Natural Philosophy Through the Eighteenth Century and Allied Topics [Book Review]

Review of Metaphysics 29 (2):340-341 (1975)

The essays which comprise this collection made their first appearance in 1948 to celebrate the one hundred and fiftieth anniversary of the founding of the British science journal, The Philosophical Magazine, which initially published many monographs in which distinguished scientific discoveries were announced. The present edition is a reprint of the supplement to the regular issue of 1948 and is now put out in book form to be more available for students of the history of science. The "natural philosophy" in the title reflects the way in which the meaning of the term "philosophy" has changed over the past two centuries, for all the essays are devoted to science as we now know it, even as The Philosophical Magazine has itself become a journal now devoted mainly to solid-state physics. Thus a succession of chapters details the history of astronomy, physics, chemistry, mathematics, and engineering through the eighteenth century; other topics include the history of The Philosophical Magazine and histories of scientific periodicals generally, of scientific instruments, and of scientific societies throughout the same era. The concluding essay, by F. Sherwood Taylor, is entitled "The Teaching of the Physical Sciences at the End of the Eighteenth Century"; this is a well documented study of syllabi for courses taught in the universities, as well as an account of the educations received by men who figured prominently in eighteenth-century science. The essays, whose authors include such notables as Sir H. Spencer-Jones, Herbert Dingle, J. R. Partington, J. F. Scott, and Douglas McKie, are uniformly good. They will interest mainly historians of science for their detailed coverage of both internalist and externalist aspects of eighteenth-century thought. They will also appeal to philosophers, however, if only to remind them how their own discipline gave birth to the "new science," and indeed gave it a unity in its early stages that it would do well to recover in the present day.—W.A.W.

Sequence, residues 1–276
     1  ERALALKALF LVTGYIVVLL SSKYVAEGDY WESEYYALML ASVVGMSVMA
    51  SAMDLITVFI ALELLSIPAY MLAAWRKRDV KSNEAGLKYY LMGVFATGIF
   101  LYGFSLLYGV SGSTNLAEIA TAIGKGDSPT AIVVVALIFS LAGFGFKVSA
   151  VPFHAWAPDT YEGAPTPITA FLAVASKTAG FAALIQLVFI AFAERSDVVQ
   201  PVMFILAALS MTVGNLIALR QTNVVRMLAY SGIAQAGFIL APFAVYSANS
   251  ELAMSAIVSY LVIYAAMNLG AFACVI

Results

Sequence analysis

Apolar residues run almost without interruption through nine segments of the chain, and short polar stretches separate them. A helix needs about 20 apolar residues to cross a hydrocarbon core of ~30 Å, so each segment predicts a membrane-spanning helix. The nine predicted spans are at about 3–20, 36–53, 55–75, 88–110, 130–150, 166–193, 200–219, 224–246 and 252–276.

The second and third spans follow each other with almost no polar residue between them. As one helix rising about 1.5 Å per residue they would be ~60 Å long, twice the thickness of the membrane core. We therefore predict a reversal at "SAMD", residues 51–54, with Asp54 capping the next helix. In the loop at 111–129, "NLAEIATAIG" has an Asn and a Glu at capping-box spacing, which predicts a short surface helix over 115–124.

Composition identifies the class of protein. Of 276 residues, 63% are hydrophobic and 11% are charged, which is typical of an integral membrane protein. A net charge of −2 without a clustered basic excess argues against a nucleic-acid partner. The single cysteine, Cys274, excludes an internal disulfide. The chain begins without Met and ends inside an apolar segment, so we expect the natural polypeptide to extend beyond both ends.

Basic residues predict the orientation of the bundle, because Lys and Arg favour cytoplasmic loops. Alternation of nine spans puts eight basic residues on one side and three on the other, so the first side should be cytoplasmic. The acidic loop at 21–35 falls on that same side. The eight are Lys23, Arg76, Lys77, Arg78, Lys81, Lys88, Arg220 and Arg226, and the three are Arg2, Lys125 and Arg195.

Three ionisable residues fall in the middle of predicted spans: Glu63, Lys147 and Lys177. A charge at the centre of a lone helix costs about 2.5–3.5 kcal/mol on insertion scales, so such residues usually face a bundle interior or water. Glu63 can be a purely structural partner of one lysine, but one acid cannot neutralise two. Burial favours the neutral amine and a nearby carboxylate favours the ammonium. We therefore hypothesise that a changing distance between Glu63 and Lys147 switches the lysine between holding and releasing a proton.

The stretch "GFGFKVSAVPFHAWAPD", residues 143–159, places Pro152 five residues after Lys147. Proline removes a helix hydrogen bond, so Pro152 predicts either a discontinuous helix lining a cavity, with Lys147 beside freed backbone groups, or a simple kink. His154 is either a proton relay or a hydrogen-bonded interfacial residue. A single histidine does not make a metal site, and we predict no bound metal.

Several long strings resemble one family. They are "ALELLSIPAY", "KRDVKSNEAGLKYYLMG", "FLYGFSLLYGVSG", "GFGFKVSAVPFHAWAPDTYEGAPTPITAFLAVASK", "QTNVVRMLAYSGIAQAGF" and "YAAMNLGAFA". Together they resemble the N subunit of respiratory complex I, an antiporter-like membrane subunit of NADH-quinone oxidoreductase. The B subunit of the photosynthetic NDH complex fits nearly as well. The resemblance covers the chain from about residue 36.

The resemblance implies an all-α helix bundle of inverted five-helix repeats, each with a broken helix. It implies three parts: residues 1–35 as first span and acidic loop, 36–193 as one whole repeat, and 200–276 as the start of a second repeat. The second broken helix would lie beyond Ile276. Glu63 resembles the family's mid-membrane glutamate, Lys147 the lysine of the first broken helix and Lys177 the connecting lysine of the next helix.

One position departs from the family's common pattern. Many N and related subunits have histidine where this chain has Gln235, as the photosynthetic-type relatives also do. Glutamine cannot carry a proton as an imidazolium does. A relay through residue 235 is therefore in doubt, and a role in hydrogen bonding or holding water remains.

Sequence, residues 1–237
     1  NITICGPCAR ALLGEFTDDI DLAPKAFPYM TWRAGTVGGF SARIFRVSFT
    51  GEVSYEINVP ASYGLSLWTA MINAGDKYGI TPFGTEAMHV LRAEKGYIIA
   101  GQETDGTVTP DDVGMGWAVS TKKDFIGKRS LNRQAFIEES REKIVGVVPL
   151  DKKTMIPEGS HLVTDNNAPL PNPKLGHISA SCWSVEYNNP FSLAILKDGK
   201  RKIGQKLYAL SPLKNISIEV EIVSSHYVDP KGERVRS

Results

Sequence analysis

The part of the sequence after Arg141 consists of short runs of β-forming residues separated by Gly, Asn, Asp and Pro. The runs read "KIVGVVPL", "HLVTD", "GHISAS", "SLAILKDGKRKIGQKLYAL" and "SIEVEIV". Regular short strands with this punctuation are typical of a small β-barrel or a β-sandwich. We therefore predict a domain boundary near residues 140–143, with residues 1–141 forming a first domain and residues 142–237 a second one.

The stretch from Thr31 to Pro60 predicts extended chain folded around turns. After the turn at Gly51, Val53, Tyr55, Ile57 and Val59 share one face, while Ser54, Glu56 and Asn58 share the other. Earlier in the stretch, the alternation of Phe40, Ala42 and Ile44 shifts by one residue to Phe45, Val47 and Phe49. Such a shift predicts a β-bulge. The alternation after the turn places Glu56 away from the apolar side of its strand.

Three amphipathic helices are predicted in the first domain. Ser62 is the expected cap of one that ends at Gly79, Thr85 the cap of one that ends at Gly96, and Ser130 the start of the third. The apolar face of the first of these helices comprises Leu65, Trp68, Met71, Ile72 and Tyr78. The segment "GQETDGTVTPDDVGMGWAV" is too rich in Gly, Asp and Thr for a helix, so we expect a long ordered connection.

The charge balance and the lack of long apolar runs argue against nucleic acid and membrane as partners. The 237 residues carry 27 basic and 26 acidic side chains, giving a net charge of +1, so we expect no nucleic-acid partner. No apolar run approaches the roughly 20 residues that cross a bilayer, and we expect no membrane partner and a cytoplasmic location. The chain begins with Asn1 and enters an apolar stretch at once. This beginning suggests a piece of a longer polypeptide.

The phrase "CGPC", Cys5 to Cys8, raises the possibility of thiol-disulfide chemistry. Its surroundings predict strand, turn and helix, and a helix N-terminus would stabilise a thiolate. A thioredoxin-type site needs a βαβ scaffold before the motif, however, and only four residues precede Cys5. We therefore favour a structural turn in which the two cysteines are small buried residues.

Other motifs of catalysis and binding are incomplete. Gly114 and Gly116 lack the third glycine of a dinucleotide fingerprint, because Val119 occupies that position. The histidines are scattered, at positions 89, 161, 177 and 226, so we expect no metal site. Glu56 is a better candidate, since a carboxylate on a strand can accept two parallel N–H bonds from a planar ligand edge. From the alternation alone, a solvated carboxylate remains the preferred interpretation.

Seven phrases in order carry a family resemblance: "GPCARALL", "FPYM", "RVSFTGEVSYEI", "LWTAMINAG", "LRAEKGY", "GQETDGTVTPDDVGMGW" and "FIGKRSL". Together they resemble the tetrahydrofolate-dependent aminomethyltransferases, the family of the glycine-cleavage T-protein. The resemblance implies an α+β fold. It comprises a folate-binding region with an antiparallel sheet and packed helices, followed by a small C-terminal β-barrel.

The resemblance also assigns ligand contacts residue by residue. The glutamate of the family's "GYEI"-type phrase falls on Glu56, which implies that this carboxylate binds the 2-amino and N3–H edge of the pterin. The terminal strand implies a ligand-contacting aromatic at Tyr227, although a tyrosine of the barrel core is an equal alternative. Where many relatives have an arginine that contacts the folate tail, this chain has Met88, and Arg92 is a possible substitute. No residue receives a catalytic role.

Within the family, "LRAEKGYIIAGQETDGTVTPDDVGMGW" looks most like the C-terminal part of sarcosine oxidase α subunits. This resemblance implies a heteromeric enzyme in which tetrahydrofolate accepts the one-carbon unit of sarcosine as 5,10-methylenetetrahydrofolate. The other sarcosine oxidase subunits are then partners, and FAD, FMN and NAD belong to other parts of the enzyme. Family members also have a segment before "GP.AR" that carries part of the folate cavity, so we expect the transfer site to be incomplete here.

Keywords Catholic Tradition  Contemporary Philosophy  General Interest
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ISBN(s) 0034-6632
DOI revmetaph1975292148
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